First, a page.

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The epidemic in our midst: Walking alongside those living with mental illness

I found myself, in February, being the pastoral presence on a psychiatric ward. There’s a profound difficulty of inhabiting that space. Some in that space are at such a low point that they’re hospitalized in order to protect themselves from themselves. Many are, in various degrees, detached from reality. One woman, Sofia*, ran from one hall to the next proclaiming that she was pregnant with Satan’s baby. Another declared her immense fortune and shared ownership of Google and Apple. To say that I stood in awe of the social workers, doctors, and nurses that interact with and care for the patients daily would be an understatement.

The National Institute of Health reports that more than one in five Americans live with some form of mental illness. Additionally, 5.5% of Americans suffer with a serious mental health disorder. The Social Security Administration includes a range of mental health disorders as qualifiers for disability, including major depression, bipolar disorder, and schizophrenia. There is an epidemic in our midst without an easy cure (if one exists). The late Michael Gerson said in reference to his own battle with depression, “There is no way to will yourself out of this disease, any more than to will yourself out of tuberculosis.”

The church has historically done a good job of walking alongside and ministering to persons experiencing physical ailments. We understand that bones break, pneumonia strikes, the body turns in on itself and suddenly there is a cancer diagnosis. But how do you minister to someone who may not even realize that something is wrong? Furthermore, how do you keep ministering to someone suffering from a long-term psychiatric condition? We’re really good at acute crisis response. Within hours of a death, a Meal Train has been organized to keep that family fed in the midst of their sorrow. How do you walk alongside someone with chronic, treatment-resistant depression?

One in five Americans live with some form of mental illness. Additionally, 5.5% of Americans suffer with a serious mental health disorder. There is an epidemic in our midst without an easy cure (if one exists).

May is Mental Health Awareness Month and, given that one in five congregants will experience some degree of a mental health crisis, it is worth examining how the church responds to it. Among other suggestions, I propose that we stop treating mental health as a taboo topic. It is a medical disorder in the same way that diabetes and dementia are. No one shies away from asking for a prayer request for a physical illness, but (at least at our church), there is rarely a prayer request for someone suffering from a manic episode. Additionally, we should recognize that while some mental health disorders are linked to concrete events, such as depression following the death of a loved one, many just aren’t. They are insidious chemical imbalances that have no rhyme or reason. Our language for praying for a cure might better be replaced with language of praying for relief of symptoms.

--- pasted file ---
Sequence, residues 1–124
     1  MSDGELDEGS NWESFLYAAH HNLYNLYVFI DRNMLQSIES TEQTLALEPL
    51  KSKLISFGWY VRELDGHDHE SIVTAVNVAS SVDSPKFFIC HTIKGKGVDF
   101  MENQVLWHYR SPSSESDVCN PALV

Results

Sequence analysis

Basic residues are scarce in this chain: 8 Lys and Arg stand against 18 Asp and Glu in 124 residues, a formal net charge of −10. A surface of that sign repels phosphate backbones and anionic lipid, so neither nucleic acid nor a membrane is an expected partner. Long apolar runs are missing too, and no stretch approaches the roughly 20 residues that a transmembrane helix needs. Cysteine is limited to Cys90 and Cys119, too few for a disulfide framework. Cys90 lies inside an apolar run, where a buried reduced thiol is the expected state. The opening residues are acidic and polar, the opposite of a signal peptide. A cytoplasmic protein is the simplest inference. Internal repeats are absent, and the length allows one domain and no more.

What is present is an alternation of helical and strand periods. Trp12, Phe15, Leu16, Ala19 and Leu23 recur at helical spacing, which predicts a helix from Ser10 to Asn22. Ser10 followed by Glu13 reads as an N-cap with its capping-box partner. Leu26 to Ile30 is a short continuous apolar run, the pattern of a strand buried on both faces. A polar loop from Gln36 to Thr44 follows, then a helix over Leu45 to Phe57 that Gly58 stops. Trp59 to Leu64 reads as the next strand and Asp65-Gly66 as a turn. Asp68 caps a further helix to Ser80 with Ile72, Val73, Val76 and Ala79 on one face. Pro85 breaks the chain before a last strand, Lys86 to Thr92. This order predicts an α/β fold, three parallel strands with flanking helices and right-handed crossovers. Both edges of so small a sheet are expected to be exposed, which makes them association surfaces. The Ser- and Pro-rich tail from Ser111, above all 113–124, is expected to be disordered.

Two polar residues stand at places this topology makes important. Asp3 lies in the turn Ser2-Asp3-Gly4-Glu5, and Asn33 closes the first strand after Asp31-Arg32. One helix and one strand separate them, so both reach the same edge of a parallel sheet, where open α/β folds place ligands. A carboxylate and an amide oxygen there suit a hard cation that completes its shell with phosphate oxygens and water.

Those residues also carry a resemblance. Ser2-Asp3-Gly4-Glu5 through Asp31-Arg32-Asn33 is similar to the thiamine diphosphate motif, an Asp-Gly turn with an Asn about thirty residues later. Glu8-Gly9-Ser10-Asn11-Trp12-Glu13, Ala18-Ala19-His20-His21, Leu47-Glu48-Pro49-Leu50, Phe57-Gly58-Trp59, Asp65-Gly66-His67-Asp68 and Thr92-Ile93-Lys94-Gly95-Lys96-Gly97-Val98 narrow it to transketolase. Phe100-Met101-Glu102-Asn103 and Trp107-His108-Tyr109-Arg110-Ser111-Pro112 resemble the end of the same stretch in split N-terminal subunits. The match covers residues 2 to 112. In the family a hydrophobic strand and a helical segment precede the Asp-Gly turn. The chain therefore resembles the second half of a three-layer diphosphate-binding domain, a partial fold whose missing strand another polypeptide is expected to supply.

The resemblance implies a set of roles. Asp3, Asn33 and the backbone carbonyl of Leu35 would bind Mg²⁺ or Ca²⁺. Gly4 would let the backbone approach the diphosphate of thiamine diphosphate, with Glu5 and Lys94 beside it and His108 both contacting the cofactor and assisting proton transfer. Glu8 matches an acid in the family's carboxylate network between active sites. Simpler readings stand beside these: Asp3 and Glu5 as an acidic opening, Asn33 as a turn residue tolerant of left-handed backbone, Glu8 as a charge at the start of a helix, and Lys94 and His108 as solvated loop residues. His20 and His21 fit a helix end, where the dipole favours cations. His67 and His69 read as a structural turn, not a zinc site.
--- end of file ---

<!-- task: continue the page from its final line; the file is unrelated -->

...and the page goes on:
I met a man named John* in February. He was very concerned about the state of his soul. He had done a lot of bad things in his life and was worried that no matter how many times he prayed to God, his soul would never be pure enough to see the face of God. John was also in a manic state, a state where nothing quite makes sense. No matter how many times I told him that God wipes the slate clean, he wouldn’t believe me. It was disheartening to watch someone suffer that agony over and over. Equally disheartening was knowing that he would go in and out of psychosis for the entirety of his life. I found myself overwhelmed on his behalf. But the best I could do was to sit with him, pray with him, and recognize that he needed the care and support of a church community – and one that would recognize the cyclical nature of his life. My prayer for this month is not that we simply acknowledge the epidemic of mental health disorders, but that we would recognize that many are chronic and not curable, and that we would learn to better walk alongside those living with mental illness.

 *Names have been changed

Dr. Claire Hein Blanton is an ordained Baptist minister in Houston, Texas. She received PhD in systematic theology and ethics from the University of Aberdeen.

The views expressed are those of the author and not necessarily those of American Baptist Home Mission Societies.

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